38 Then Saul gave David his own armour—a bronze helmet and a coat of mail.39 David put it on, strapped the sword over it, and took a step or two to see what it was like, for he had never worn such things before.
“I can’t go in these,” he protested to Saul. “I’m not used to them.” So David took them off again. 40 He picked up five smooth stones from a stream and put them into his shepherd’s bag. Then, armed only with his shepherd’s staff and sling, he started across the valley to fight the Philistine. 1 Samuel 17:38-40
I have blogged about the story of David, Saul and Goliath in past but want to explore this story from a different angle. This post was inspired by a recent conversation I had with a friend. Before David confronted Goliath in a duel, he had a conversation with Saul, the King of the Israel. Every Israelite soldier was scared to fight Goliath despite Saul’s reward of riches and his daughter’s hand in marriage. Saul, himself, was unwilling to fight Goliath. It was in this atmosphere of fear that David, a young shepherd boy, stepped up to be Israel’s champion against the mighty Goliath.
Saul gave David his armour and sword but David was uncomfortable using them. He decided to stick with his preferred weapon of choice – a sling – and returned Saul’s weaponry.
David and Saul’s story is a good illustration of the importance of discernment and good decision making.
David was comfortable refusing the King Saul’s offer because he knew himself – his strengths and limitations. He knew he couldn’t fight Goliath wearing an armour and wielding a sword. He hadn’t been trained to use these gear.
Saul’s intention in giving David his armour and sword was to help him. This attempt to help David was based on Saul’s experience and expertise as a soldier. Yet, if David hadn’t been strong enough to say ‘no’ to Saul then it was likely that he would have been killed by Goliath. He would have gone into battle using a weapon he had never used before, just, because he wanted to please the King.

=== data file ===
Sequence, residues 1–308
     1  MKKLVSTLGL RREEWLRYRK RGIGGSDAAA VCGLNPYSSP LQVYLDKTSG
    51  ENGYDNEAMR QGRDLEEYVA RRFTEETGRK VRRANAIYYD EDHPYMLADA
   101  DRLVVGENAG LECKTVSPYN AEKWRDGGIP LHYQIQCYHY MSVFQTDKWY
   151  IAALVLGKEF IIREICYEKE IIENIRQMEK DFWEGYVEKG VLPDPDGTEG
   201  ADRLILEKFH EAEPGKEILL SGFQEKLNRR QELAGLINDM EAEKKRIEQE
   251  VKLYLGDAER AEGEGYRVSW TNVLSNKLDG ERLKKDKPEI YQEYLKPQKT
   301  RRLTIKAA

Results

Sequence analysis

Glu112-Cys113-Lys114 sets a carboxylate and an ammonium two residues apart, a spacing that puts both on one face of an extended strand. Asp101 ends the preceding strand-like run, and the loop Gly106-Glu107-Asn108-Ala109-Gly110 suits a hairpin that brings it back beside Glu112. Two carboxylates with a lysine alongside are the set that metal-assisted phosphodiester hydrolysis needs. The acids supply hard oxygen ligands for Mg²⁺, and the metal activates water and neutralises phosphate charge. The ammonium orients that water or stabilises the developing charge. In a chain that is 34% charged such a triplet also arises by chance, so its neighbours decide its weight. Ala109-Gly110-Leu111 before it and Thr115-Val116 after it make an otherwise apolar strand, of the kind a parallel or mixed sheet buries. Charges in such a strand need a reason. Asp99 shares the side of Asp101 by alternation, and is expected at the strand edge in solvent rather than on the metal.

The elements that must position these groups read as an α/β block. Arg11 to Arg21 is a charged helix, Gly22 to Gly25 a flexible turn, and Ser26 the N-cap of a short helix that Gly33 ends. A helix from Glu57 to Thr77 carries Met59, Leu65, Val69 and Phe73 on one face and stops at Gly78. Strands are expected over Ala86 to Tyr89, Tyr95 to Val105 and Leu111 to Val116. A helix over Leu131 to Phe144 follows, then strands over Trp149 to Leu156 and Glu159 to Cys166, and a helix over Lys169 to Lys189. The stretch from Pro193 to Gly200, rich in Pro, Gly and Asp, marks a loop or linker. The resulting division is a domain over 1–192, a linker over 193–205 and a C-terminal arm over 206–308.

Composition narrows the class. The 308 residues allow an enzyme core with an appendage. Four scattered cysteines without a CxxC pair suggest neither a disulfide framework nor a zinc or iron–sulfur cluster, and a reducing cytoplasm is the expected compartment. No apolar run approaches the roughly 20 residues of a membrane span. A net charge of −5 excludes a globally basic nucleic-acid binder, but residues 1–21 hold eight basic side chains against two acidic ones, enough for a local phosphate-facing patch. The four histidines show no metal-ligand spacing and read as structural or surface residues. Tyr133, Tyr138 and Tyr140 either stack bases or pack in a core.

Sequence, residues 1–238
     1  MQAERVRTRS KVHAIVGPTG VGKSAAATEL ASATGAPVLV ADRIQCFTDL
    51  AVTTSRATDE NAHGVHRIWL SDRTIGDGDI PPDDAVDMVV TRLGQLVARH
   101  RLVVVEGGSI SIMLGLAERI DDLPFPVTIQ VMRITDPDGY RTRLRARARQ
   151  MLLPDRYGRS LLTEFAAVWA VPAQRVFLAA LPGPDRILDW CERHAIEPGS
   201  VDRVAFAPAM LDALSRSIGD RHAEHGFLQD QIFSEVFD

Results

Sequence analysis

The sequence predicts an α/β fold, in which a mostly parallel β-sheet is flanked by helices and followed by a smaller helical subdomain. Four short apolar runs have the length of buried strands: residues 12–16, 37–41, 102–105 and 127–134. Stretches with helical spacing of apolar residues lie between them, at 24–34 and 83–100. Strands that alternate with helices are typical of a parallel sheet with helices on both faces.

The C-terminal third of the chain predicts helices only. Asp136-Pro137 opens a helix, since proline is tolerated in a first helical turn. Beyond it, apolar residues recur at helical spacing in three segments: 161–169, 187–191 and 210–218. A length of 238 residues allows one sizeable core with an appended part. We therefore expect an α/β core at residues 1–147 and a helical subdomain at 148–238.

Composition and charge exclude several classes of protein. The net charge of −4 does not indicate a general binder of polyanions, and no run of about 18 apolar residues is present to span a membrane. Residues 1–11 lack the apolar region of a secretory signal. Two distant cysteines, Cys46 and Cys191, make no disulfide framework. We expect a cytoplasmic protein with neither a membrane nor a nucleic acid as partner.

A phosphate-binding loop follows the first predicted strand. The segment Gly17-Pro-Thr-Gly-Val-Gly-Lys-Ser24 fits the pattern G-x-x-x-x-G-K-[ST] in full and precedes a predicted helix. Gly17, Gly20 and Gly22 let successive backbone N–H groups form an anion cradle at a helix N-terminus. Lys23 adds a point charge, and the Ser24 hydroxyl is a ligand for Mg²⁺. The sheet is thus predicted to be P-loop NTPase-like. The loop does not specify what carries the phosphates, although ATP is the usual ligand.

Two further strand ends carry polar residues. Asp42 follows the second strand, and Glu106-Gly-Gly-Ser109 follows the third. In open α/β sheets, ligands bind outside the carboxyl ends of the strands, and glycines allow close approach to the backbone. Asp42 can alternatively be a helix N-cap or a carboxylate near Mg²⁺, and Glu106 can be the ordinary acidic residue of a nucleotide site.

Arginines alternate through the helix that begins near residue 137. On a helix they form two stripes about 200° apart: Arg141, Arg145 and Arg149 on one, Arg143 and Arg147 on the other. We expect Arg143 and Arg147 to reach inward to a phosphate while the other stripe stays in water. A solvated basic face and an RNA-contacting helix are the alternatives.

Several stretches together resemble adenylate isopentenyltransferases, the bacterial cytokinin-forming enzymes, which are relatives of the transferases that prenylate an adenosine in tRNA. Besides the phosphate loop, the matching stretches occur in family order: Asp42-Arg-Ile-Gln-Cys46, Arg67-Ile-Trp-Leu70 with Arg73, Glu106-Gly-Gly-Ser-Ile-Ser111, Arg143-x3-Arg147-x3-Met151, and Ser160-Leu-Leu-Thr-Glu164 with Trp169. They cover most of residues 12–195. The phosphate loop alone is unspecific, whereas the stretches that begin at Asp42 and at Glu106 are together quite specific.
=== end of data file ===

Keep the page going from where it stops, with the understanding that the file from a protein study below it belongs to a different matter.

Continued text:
People offer advice and suggestions based on their own experience and expertise. It is up to the recipient of the advice to discern whether that advice is useful and applicable to his situation. Leaders who know themselves aren’t swayed by the suggestions of others no matter how well-intentioned they may be. They have the confidence and strength to say no to any ‘helpful’ advice or suggestion which they believe is not in their best interest.
It is good to consider other people’s advice and suggestions but the final decision on whether to take or discard the advice lies with the recipient of the advice. Also the consequences of following or not following the advice will also be borne by the recipient.
Here is a link to the entire story about David, Saul and Goliath in the Bible –1 Samuel 17.